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wild and natural areas

Pennsylvania’s state forest system includes dozens of special wild and natural areas set aside to protect unique or unusual biologic, geologic, scenic and historical features or to showcase outstanding examples of the state’s major forest communities. Natural areas are “managed” by nature and direct human intervention is limited. They provide places for scenic observation, protect special plant and animal communities and conserve outstanding examples of natural beauty. Wild areas are generally extensive tracts managed to protect the forest’s wild character and to provide back country recreational opportunities.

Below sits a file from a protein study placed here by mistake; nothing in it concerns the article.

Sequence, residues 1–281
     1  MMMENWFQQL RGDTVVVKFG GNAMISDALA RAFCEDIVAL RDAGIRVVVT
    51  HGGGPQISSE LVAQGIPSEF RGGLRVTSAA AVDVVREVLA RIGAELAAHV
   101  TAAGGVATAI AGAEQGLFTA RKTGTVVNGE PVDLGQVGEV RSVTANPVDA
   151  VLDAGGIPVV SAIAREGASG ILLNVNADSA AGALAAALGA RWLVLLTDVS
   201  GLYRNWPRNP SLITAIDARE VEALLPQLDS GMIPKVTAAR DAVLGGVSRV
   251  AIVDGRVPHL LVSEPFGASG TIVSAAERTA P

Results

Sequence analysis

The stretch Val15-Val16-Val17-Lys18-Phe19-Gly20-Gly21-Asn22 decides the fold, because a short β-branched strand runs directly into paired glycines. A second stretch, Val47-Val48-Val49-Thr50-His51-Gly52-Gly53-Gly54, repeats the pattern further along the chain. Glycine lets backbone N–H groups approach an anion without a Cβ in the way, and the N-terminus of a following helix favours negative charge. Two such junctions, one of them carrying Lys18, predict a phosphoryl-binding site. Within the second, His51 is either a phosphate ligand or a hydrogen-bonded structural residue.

Spruce Swamp Natural Area 

This 87-acre site located on the Thornhurst tract is noted for its glacial bog where native spruce, balsam fir, and tamarack are found. Labrador Tea and Bog Roseary, not commonly found in Pennsylvania, also grow here. Surrounding the bog and acting as a buffer is a typical hardwood forest interspersed with hemlock and assorted pines.